Tumor microenvironment

Tumor microenvironment plays an important role in cancer initiation and progression [1]. Individuals affected by chronic inflammatory disorders have an increased risk of developing cancer [2], and, accordingly, treatment with non-steroidal anti-inflammatory drugs reduces tumor incidence [3].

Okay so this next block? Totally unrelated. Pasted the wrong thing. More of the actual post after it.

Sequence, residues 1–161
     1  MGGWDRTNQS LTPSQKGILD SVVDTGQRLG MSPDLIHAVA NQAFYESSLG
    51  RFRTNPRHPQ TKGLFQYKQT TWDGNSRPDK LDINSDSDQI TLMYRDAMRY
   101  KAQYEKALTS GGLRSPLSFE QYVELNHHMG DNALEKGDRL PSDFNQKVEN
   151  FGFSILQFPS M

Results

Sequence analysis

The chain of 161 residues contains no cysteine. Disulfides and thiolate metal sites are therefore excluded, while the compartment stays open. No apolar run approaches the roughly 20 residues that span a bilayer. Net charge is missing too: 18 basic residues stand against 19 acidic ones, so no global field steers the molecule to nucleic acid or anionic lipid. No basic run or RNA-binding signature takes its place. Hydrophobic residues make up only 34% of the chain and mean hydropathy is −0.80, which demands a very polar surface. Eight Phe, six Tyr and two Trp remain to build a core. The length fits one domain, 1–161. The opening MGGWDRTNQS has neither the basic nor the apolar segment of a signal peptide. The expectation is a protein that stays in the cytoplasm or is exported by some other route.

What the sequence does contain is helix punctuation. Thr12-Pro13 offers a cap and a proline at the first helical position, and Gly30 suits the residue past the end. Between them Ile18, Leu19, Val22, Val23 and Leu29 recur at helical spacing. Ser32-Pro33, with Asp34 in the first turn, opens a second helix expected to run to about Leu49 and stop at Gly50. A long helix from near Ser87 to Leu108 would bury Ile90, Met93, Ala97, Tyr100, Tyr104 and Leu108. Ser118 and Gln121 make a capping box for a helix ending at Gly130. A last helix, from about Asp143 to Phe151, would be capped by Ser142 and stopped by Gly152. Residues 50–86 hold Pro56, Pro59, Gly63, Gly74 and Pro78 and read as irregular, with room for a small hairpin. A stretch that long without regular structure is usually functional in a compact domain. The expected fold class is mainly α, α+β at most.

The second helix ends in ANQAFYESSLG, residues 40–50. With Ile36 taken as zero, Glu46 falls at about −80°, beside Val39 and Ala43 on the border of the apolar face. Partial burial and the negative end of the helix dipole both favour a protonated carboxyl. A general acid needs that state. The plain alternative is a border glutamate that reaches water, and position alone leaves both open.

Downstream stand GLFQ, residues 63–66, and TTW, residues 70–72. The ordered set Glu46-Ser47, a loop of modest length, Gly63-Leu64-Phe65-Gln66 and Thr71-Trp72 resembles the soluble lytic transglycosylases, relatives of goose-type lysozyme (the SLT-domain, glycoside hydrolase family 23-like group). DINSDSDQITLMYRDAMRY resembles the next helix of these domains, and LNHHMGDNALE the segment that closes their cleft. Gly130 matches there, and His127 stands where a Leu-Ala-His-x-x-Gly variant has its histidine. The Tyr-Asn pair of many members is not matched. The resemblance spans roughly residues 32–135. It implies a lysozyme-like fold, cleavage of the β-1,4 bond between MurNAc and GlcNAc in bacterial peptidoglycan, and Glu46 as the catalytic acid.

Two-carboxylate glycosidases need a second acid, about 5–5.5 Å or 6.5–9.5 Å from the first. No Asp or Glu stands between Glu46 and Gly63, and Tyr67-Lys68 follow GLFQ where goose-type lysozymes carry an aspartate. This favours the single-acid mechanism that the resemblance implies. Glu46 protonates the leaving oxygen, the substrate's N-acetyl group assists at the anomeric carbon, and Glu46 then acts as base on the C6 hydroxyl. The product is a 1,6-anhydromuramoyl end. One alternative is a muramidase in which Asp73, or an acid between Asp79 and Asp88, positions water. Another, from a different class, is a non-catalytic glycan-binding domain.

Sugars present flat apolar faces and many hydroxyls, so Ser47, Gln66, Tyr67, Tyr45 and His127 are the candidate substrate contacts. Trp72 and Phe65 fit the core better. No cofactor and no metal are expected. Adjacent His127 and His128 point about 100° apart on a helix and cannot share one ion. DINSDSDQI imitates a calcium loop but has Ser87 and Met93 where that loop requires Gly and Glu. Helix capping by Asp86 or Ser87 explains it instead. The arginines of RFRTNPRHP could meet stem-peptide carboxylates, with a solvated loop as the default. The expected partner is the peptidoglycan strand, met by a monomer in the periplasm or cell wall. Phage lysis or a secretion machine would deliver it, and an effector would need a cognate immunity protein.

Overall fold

In hematological malignancies, the bone marrow (BM) and the lymph nodes represent the paradigmatic anatomical sites in which tumor microenvironment expresses its morphofunctional features. The lymph node microenvironment is discussed below. BM microenvironment includes hematopoietic stem cells (HSCs) and non-hematopoietic cells. HSCs give rise to all the blood cell types of the erythroid, myeloid, lymphoid and megakaryocytic lineages [4]. The non-hematopoietic cells include endothelial cells, pericytes, fibroblasts, osteoblasts, osteoclasts, macrophages, mast cells, and mesenchymal stem cells [5]. Although a small subset of the latter cells is represented by self-renewing stem cells, the majority of them are multipotential progenitors that can differentiate into osteoblasts, chondrocytes and adipocytes but do not self-renew. Both mesenchymal stem cells and mesenchymal stromal cells are indicated as MSCs.